By Kamala Kelker | The Guardian | January 17, 2016
It’s hard to imagine Steven Northington killing two people. The 43-year-old says he likes to make people laugh, “like a comedian”. He’s a loyal son to his troubled mother and father. He sends his younger sister birthday cards from prison and draws elaborate smiley faces on them. His defense team laughs with affection when they hear his name because he is, they say, “a character”.
Between 2003 and 2004, Northington was slinging for a drug ring that flooded his Philadelphia neighborhood with bloodshed. The Kaboni Savage Organization was responsible for nine murders during those two years alone, including the firebombing of a house that killed two women and four children.
The government was after them, and they knew it: seven of the nine victims were murdered in retaliation against witnesses who had agreed to cooperate with prosecutors to bring the kingpin down, according to the FBI.
It wasn’t until 2013 that the federal court started its trial against ringleader Kaboni Savage, as well as his sister Kidada Savage, accomplice Robert Merritt, and Northington. The four were tried together for a total of 12 murders dating back to 1998.
Northington stood apart because he was arrested a month before the firebombing, and only charged for two of the murders – those of Barry Parker, a corner competitor of the ring, and Tybius Flowers, a childhood friend. In Flowers’s case, the execution happened hours before he was supposed to take the stand as the star witness against Savage in a 1998 murder case.
Northington was convicted by the state court in Philadelphia in 2007 for the murder of Parker. In 2013, the federal trial combined the two murders and found Northington guilty of aiding both.
And since the murders were an attempt to intimidate witnesses and in support of racketeering, federal prosecutors wanted him dead.
They asked for the death penalty.
Days before he was sentenced, one of Northington’s lawyers, William Bowe, showed the jurors something they never saw during the six-month trial: images of Northington’s brain. He told them that Northington was developmentally stunted by homelessness, abuse and prenatal exposure to drugs and alcohol.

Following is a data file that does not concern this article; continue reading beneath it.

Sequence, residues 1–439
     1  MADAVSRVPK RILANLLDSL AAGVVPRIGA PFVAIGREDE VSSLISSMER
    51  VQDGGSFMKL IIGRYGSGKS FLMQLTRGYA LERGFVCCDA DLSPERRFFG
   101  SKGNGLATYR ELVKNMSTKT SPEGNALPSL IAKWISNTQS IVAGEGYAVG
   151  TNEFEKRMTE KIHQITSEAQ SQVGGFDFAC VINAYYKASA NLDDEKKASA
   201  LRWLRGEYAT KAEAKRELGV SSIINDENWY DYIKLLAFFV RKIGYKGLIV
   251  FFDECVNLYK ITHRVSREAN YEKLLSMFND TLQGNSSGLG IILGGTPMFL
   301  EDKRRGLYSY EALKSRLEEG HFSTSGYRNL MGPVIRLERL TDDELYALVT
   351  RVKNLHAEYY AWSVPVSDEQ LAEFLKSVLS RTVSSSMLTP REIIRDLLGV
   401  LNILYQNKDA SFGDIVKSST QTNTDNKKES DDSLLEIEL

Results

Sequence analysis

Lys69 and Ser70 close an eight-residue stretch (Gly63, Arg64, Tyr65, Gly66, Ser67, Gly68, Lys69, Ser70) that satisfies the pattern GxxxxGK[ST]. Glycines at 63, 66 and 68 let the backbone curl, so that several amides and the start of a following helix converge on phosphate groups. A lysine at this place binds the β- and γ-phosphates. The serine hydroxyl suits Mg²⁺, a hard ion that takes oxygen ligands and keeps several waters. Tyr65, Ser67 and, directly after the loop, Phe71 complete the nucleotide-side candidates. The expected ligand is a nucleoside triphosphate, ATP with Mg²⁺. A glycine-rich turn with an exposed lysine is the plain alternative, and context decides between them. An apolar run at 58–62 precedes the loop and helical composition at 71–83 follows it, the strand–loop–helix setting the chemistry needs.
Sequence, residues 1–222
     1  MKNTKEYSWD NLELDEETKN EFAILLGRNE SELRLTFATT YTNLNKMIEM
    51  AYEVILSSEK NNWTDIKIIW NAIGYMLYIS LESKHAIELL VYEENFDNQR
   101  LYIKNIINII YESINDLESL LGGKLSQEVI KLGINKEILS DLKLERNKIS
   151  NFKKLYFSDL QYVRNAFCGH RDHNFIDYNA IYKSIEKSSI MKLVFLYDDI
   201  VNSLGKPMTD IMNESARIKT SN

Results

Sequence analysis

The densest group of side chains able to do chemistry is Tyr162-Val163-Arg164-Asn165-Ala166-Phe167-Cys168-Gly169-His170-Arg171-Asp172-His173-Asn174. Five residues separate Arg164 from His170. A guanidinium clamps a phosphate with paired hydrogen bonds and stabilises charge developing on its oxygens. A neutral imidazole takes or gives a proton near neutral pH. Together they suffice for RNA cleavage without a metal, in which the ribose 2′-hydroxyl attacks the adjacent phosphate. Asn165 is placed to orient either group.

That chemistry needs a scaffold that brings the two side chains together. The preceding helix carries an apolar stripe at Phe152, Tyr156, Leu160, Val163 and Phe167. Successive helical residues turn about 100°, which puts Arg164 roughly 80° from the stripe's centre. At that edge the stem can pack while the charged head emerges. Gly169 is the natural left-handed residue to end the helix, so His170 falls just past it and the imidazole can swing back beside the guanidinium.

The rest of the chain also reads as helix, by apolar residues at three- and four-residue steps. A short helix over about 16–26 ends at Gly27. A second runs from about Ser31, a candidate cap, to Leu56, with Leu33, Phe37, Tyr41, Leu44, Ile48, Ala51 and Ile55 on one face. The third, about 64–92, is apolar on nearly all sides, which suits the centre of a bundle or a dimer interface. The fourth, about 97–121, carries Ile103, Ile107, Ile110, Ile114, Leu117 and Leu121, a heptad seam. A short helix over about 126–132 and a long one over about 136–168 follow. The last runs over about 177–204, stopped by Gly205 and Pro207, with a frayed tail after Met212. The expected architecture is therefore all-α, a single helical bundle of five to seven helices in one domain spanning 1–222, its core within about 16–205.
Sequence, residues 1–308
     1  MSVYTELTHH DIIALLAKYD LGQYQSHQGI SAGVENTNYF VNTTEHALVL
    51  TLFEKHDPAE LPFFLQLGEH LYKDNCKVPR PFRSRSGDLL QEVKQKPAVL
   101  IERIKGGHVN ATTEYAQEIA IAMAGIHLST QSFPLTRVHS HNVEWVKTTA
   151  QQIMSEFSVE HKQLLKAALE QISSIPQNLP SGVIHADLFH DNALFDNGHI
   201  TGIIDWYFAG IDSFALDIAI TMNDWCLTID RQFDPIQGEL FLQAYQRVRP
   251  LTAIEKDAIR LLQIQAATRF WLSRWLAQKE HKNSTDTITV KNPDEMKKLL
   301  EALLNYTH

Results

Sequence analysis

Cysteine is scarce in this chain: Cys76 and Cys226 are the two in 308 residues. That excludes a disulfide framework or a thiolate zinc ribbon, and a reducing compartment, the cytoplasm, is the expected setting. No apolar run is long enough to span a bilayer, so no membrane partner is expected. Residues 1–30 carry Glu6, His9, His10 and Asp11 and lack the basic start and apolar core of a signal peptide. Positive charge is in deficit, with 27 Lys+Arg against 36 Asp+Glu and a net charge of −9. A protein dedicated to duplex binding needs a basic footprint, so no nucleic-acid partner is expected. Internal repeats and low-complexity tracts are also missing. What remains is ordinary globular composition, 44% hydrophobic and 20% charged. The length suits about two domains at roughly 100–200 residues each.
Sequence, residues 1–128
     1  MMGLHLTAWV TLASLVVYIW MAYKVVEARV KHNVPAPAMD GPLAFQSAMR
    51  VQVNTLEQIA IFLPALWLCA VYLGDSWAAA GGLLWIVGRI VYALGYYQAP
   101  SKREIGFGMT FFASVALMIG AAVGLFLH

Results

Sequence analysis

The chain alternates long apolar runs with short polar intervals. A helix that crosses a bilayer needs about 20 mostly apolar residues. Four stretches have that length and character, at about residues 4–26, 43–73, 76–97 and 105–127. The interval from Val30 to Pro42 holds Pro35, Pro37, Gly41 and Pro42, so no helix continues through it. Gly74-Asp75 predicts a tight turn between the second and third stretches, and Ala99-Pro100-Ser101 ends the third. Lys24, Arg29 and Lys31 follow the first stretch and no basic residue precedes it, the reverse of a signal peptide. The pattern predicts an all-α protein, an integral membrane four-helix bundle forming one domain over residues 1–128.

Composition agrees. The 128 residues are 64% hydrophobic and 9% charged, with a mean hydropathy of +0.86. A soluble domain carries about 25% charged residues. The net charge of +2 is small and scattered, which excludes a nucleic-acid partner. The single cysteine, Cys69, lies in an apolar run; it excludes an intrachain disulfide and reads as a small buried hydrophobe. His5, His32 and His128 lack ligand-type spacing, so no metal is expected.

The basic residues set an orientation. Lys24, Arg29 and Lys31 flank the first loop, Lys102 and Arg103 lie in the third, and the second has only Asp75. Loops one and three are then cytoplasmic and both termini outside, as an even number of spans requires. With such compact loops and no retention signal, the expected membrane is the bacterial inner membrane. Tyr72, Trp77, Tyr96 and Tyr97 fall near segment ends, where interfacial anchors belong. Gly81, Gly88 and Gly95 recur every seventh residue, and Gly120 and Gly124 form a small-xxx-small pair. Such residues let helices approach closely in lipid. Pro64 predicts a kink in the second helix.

Bowe said the deficiencies the scans revealed provided some explanation for Northington’s actions – not an excuse, but an extenuating set of circumstances.
“What does that mean? It means that Steven Northington doesn’t think like you and me. It means his brain doesn’t function like ours. It means when he makes a decision, he doesn’t do it like you or me. It’s broken,” he told the jury.
Brain images are becoming standard evidence in some of the country’s most controversial and disturbing death penalty cases. In March, Barack Obama’s bioethics commission released a report stating that neuroscience is used in about a quarter of capital cases, and that percentage is rising quickly.
Lawyers use scans in a few principal ways. Sometimes it’s to explain a psychiatrist’s diagnosis to help a plea of insanity, or to help prove intellectual disability. Most often they are used to ask juries for mercy during the sentencing phase of the grimmest trials.
Since the inner workings of a criminal’s mind are central to a case, any tool that might shed light on the 3-lb organ is worth considering. And brain scans have diagnostic credibility: they are fundamental in clinical settings for spotting tumors, cancer or traumatic injuries. They have been used to study aspects of behavior, such as decision-making, depression and impulse control. But in death penalty cases, the images are taken out of that medical or experimental context, and used to clarify nuances of criminal actions.
It remains unclear whether pictures of neural processes or of brain anatomy can reveal a person’s morals or the substance of their character. But despite incomplete science, brain scans are becoming crucial arbiters of life and death.
This article was originally published by The Guardian.